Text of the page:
Yes, the past all happened and we may have done that not-so-nice thing. However, just like we cannot bring our dead person back to life, we also cannot go back and change the past. It’s a part of us now and we must learn to honour the good and the bad with the commitment to learn how to do better. This can be utterly painful.

Finding peace through expressing pain in writing letters

When I had those really awful thoughts and memories wash over me, a way that I dealt with it was through writing two letters. One letter addressed my dead husband. I wrote to him telling him how sorry I was for this, that and the other thing. The second letter I wrote from the perspective of him as though he were responding to my letter. I found this hugely cathartic in such a harrowing time.  

As we walk through life after the loss of someone, we will have many moments of hearing our inner voice commentating on our past, present and future actions. We need to come to a place, where that little voice is fully acknowledged by us. The voice is there, literally to be heard. This is a part of being human and realising that our lifetime is a very present evolution.

When I had negative thoughts wash over me, I wrote letters: one to my dead husband and the other in reply, as if he was responding to me.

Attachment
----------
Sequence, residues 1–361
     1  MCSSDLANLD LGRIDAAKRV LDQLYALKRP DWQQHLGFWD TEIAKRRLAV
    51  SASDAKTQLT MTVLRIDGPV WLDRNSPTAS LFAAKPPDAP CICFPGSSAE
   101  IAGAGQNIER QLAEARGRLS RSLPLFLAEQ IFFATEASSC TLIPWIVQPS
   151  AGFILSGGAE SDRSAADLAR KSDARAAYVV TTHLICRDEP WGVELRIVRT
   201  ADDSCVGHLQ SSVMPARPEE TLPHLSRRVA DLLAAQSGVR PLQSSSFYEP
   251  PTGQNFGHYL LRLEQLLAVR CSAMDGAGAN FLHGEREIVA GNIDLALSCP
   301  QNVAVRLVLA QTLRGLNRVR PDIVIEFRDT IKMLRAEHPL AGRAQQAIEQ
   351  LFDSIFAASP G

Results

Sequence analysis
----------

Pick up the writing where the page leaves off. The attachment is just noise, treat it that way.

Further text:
When I had negative thoughts wash over me, I wrote letters: one to my dead husband and the other in reply, as if he was responding to me.

3 components to my inner voice

I find that my inner voice has three components and I relate to each one differently.

  1. Past Claire is usually the most critical but I honour her as though she were my inner child – I’m gentle and persuasive when she is rude and she doesn’t visit as much anymore.  
  2. Present Claire guides me to be the best person I can be right now and actually be fully present in my life which dictates my reactions to things. She is the one that has learnt from the past and helps me to not make the same mistakes again.  
  3. Future Claire is the dreamer. She helps me find what I thought was my long lost hope.

Understanding the difference between healthy and unhealthy conversations

In the midst of acute grief, it is difficult to even know whether your inner conversations are healthy or unhealthy. If you are unsure and overwhelmed by the chatter in your head, a practical way of helping yourself is by grabbing a pen and paper and asking yourself these questions: